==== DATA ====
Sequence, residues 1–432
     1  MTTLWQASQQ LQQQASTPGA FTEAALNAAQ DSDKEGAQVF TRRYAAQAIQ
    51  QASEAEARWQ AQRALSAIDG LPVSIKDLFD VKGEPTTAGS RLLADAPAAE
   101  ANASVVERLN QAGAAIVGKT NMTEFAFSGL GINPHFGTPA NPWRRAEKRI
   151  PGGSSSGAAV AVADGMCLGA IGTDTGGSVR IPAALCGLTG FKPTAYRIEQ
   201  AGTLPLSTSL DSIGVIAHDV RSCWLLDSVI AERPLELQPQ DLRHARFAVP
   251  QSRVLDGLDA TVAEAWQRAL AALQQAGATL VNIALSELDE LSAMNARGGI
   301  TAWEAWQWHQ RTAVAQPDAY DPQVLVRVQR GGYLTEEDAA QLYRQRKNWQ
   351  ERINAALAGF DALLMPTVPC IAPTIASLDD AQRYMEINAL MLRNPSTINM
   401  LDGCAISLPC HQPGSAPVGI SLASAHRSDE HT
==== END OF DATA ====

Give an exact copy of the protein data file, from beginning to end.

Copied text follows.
Sequence, residues 1–432
     1  MTTLWQASQQ LQQQASTPGA FTEAALNAAQ DSDKEGAQVF TRRYAAQAIQ
    51  QASEAEARWQ AQRALSAIDG LPVSIKDLFD VKGEPTTAGS RLLADAPAAE
   101  ANASVVERLN QAGAAIVGKT NMTEFAFSGL GINPHFGTPA NPWRRAEKRI
   151  PGGSSSGAAV AVADGMCLGA IGTDTGGSVR IPAALCGLTG FKPTAYRIEQ
   201  AGTLPLSTSL DSIGVIAHDV RSCWLLDSVI AERPLELQPQ DLRHARFAVP
   251  QSRVLDGLDA TVAEAWQRAL AALQQAGATL VNIALSELDE LSAMNARGGI
   301  TAWEAWQWHQ RTAVAQPDAY DPQVLVRVQR GGYLTEEDAA QLYRQRKNWQ
   351  ERINAALAGF DALLMPTVPC IAPTIASLDD AQRYMEINAL MLRNPSTINM
   401  LDGCAISLPC HQPGSAPVGI SLASAHRSDE HT